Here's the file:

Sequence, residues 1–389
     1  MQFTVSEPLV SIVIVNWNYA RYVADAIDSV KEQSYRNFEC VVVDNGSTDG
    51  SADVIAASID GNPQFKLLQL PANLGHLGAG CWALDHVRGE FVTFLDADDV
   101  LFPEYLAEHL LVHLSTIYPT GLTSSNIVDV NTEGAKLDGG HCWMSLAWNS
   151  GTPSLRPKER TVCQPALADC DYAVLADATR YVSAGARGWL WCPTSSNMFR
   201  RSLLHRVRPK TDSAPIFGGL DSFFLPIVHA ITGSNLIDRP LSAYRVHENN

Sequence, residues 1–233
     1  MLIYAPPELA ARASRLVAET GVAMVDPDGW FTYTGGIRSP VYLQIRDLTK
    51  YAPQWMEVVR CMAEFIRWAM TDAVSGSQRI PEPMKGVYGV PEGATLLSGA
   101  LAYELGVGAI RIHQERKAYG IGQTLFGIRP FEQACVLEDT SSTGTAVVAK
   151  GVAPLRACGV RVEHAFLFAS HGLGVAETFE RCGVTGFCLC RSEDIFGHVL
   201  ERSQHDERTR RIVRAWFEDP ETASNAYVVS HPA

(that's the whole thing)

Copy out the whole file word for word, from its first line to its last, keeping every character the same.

Sequence, residues 1–389
     1  MQFTVSEPLV SIVIVNWNYA RYVADAIDSV KEQSYRNFEC VVVDNGSTDG
    51  SADVIAASID GNPQFKLLQL PANLGHLGAG CWALDHVRGE FVTFLDADDV
   101  LFPEYLAEHL LVHLSTIYPT GLTSSNIVDV NTEGAKLDGG HCWMSLAWNS
   151  GTPSLRPKER TVCQPALADC DYAVLADATR YVSAGARGWL WCPTSSNMFR
   201  RSLLHRVRPK TDSAPIFGGL DSFFLPIVHA ITGSNLIDRP LSAYRVHENN

Sequence, residues 1–233
     1  MLIYAPPELA ARASRLVAET GVAMVDPDGW FTYTGGIRSP VYLQIRDLTK
    51  YAPQWMEVVR CMAEFIRWAM TDAVSGSQRI PEPMKGVYGV PEGATLLSGA
   101  LAYELGVGAI RIHQERKAYG IGQTLFGIRP FEQACVLEDT SSTGTAVVAK
   151  GVAPLRACGV RVEHAFLFAS HGLGVAETFE RCGVTGFCLC RSEDIFGHVL
   201  ERSQHDERTR RIVRAWFEDP ETASNAYVVS HPA